Some of these cytokines are causing itching, night sweats, some of those symptoms, and we think they might also be playing some role in making people feel more lethargic, tired, fatigued. Also, some patients have very high red cell counts and that can cause overall sluggishness of blood flow, which could then cause decreased flow to your eyes or brain, and some people have blurring of vision, headaches, dizziness, that kind of feelings. 

So, it’s not really clearly understood, but many patients will tell you later, after they start the medication and their counts improve, that they realized that they actually were having cognitive decline, because now they feel so much better; more alert, you know, more active, can concentrate better, things like that. 

So, I think those are the common symptoms, I mean, we get all kinds of vague symptoms, some people have a lot of abdominal distension, abdominal pain, it could be from splenomegaly, but even without splenomegaly we see. Another common one is early satiety, meaning they are not able to eat as much. They eat a little bit and then they feel full, so they try to eat multiple small meals, and this may be from the spleen, but also some of the cytokines.  

We see bone pains. We see headaches, dizziness, you know, it can be a myriad of symptoms which is why, like we were discussing, it’s hard to know, because a lot of these can be symptoms associated with fatigue, overwork, common things, extra caffeine, so that’s why it’s sometimes hard to make this diagnosis for primary care doctors, and it takes time.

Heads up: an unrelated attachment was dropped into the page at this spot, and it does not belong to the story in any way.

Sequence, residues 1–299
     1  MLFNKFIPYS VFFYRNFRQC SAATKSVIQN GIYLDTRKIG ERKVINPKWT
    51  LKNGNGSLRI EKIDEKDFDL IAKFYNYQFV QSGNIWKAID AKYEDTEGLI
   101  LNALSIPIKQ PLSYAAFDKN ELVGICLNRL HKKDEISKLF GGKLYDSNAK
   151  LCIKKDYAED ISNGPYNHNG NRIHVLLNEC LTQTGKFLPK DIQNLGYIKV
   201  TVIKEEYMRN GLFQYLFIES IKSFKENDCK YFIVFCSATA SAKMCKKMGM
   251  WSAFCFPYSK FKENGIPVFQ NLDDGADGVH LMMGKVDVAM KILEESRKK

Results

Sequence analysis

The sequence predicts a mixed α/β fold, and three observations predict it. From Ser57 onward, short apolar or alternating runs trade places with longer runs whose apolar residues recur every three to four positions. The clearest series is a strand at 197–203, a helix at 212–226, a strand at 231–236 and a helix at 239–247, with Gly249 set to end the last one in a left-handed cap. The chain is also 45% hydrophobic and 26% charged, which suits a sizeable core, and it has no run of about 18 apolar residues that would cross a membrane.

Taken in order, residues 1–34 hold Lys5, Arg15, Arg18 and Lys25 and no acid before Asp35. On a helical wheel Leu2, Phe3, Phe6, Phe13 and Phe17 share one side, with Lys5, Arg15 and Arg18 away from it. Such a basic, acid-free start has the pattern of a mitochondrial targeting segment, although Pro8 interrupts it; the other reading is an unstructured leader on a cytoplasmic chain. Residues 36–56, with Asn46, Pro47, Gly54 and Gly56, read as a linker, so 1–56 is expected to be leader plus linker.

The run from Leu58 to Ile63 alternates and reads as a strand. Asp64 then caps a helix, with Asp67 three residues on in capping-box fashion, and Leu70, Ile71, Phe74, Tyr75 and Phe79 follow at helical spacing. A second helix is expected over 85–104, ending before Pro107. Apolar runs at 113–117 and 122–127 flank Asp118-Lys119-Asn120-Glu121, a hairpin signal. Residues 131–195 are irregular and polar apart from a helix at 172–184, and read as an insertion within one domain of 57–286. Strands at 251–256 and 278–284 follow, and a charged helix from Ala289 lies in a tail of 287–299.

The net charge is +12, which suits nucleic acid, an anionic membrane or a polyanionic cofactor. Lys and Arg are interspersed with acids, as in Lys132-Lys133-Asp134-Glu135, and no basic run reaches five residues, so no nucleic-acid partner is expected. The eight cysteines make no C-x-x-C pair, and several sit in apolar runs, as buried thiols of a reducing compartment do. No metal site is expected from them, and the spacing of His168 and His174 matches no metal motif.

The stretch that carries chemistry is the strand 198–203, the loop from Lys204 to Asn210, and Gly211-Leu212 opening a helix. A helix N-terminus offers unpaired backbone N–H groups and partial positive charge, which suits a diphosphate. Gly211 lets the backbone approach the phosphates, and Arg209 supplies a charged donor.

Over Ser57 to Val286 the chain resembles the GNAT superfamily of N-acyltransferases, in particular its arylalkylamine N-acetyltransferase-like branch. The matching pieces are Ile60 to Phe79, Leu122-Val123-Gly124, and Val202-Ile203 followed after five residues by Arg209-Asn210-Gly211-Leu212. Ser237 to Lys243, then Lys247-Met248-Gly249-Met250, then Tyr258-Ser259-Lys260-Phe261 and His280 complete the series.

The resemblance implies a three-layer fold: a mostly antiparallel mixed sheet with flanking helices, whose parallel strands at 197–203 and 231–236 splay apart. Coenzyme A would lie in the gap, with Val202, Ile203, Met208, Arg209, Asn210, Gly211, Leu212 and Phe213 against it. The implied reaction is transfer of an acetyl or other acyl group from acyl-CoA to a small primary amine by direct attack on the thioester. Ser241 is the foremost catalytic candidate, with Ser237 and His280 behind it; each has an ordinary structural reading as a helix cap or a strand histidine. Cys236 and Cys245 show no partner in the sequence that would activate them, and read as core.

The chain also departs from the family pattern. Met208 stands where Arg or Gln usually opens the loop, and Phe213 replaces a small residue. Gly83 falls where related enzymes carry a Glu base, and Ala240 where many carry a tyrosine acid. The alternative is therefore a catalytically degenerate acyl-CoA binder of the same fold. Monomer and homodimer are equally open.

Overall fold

Andrew Schorr:            

So, Dr. McMahon, somebody comes to you and you say, “How’re you doing?” And they tick off maybe they’re having sleep problems or who knows what. How do you decipher if it’s from their condition, from their medicine, or from some other condition? How do you do that? 

Dr. McMahon:              

It can be very difficult. It can be very difficult. You don’t know if it’s from the underlying disease itself or from the treatment, like you said, and sometimes especially because a lot of these symptoms that you have with MPNs, we say constitutional, or kinda like head-to-toe kinda symptoms.